Chu spaces and linear logic
A Chu space over \(S\) consists of a pair of sets \((X,U)\), and a function \(e: X \times U \to S\). A map of chu spaces \((X,U,e) \to (Y,V,e')\) is a pair of maps \(X \to Y, V \to U\) so that the diagram
commutes. This defines a category of Chu spaces, called \(Chu(Set,S)\) You can think of a Chu space as a normalform game. \(X\) is the set of choices available to one player, and \(U\) is the set of choices available to the other. The outcome, given the choices \(x\) and \(u\), is \(e(x,u)\).
You can think of a map of Chu spaces as a way of transforming strategies between the two games. If you would play \(x \in X\) in the original game, you instead play \(f(x) \in Y\). The map in the opposite direction ensures that, no matter what your opponent chooses in the target game, the same outcome could have happened in the domain game  hence your strategy is no worse, in some vague sense (but note that there is no ordering on \(S\), so this does not literally make sense).
The cool thing is that Chu spaces are also a model of linear logic, in a way that sort of reflects “Game semantics for linear logic”, but with some important differences (which we will see).
The duality
The dual of a chu space is simply given by swapping the two sets, i.e \((X,U,e)^\bot := (U,X,(u,x) \mapsto e(x,u))\). This defines a selfduality on the category of Chu spaces, \(Chu(Set,S) \cong Chu(Set,S)^{op}\)
The additive connectives
The additive connectives \(&\) and \(\oplus\) are simply given by the product and coproduct in the category of Chu spaces. Let’s describe this explicitly:

Given Chu spaces \(A= (X,U,e), B=(Y,V,e')\), their product \(A & B\) is given by \((X \times Y, U + V, e & e')\), where \(e& e'(x,y,u \in U) = e(x,u)\), and \(e&e'(x,y,v\in V) = e'(y,v)\).
This corresponds to a game where the other player chooses one of the games to play, and a choice in that game. You have to choose a strategy for both games, not knowing which will be played.

The terminal object is \((*,\emptyset,0)\), where \(0\) denotes the empty function. Interpreting this as a game is slightly weird  it is a game that cannot be played, as the opponent has no moves to make. (Hence if given a choice between this and another game, the opponent must move in the other game, so that this is a unit for the product, as it should be).

Given \(A\) and \(B\) as above, their coproduct \(A \oplus B\) is given by \((X + Y, U \times B, e \oplus e')\), which is exactly dual to the product. In other words, here the player chooses a game and a move in it, while the opponent must choose a move in both games.

The initial object is \((\emptyset,*,0)\)  the player cannot move in this game.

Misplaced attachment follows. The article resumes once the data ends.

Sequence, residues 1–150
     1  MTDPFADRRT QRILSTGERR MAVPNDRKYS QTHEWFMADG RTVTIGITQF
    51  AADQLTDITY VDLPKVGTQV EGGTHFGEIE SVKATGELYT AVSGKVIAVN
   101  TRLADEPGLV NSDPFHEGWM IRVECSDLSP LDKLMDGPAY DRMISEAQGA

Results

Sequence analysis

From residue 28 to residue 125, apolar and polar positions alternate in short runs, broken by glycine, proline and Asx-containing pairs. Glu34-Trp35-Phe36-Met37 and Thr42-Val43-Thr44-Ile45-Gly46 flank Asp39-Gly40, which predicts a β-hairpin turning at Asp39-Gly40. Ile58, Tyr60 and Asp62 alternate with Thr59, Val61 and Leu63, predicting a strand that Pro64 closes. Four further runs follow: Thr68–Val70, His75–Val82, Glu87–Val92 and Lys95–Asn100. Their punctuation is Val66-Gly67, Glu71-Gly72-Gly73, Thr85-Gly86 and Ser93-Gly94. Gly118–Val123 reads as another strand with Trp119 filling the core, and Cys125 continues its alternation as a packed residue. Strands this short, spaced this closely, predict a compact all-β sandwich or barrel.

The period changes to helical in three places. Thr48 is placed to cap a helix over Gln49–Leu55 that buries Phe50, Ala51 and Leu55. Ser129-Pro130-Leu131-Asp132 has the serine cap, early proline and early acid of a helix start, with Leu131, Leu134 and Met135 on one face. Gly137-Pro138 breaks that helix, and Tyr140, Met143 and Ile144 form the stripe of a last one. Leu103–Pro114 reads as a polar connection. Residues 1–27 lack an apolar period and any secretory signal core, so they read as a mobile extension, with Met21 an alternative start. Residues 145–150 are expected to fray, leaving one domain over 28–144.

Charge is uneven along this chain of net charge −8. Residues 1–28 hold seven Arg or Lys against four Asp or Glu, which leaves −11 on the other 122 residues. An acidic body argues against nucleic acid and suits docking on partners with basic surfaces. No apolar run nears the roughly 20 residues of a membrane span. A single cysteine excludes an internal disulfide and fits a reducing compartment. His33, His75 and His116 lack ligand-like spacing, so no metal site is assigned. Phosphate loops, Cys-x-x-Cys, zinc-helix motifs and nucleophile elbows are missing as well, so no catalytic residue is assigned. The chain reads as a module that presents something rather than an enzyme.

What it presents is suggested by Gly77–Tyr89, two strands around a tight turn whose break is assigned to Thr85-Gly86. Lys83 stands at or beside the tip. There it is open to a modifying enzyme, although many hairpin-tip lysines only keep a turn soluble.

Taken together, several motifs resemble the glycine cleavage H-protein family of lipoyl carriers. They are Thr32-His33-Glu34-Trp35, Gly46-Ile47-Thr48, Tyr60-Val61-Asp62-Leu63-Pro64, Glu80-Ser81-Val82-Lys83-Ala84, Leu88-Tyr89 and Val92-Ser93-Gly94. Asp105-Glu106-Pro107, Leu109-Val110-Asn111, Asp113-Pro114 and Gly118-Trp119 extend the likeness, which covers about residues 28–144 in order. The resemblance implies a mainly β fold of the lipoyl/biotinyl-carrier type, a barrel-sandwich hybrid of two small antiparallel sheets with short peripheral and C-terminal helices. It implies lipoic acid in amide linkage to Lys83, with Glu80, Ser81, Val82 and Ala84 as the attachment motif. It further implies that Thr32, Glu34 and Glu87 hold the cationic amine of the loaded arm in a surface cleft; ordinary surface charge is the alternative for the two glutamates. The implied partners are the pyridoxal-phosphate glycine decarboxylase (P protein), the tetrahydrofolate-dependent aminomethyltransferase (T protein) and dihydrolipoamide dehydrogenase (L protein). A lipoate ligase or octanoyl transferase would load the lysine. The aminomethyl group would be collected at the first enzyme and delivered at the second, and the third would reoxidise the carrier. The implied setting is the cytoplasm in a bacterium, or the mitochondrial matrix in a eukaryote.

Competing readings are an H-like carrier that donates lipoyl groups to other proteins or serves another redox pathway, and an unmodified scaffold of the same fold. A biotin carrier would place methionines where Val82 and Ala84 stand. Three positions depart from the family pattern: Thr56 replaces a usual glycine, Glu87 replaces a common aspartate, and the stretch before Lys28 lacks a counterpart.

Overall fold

The additive connectives, in other words, are much as you would expect from the “game” interpretation. The multiplicative connectives are more weird.
The multiplicative connectives.
The tensor \(A \otimes B\) of two Chu spaces as above is defined by \((X \times Y, [X,V] \times_{[X\times Y,S]} [Y,U], e\otimes e')\), where \(e \otimes e'((x,y),(f,g)) = e'(y,f(x)) = e(x,g(y))\). (Here the last equality is exactly the condition that \((f,g)\) lies in the pullback). In other words, to play \(A \otimes B\), the player simply chooses a strategy in each game. The opponent must choose a strategy in \(A\) which depends on the player’s strategy in \(B\)  a map \(Y \to U\), and vice versa. These conditional strategies must satisfy the condition that, whether we play \(A\) using the strategy matching the player’s strategy from \(B\), or vice versa, we get the same result.
If you squint a bit, this is somewhat like the tensor product of games from before  the opponent can adjust their strategy based on the player’s moves in the other game. But it’s also very different. For example if the two images \(e(X \times U)\) and \(e'(Y \times V)\) are disjoint subsets of \(S\), the opponent has no moves in this game.
The tensorial unit is \(I = (*,S,1_S)\)  in this game, the opponent simply chooses the outcome. Indeed, we have \(A \otimes I \cong A\)  the player’s choice amounts to choosing \(a \in X\), while the opponent must choose a map \(* \to U\)  a point in \(U\), and a map \(X \to S\), which has to equal the map \(x \mapsto e(x,u)\) corresponding to their chosen \(U\), so this is no choice at all.
There is a canonical map \(A \otimes A^\bot \to I^\bot = (S,*,1_S)\). In \(A \otimes A^\bot\), the player must choose a strategy and a counterstrategy. The opponent must choose a map \(X \to X\) and \(Y \to Y\)  of course the canonical choice is the identity. The outcome of this game is exactly the result of playing the player’s two chosen strategies against each other  this is the element \(s \in S\) that the player’s strategy is taken to.
In general, we can identify maps \(A \to I^\bot\) with choices of strategy for the opponent  the point is sent to that strategy, while the map \(X \to S\) is constrained to being exactly the outcome corresponding to that strategy.
Dually, we can identify maps \(I \to A\) with strategies for the player. This of course means that a linear logic proof of the sequent \(\vdash A\) identifies a strategy for the player in the game defined by \(A\).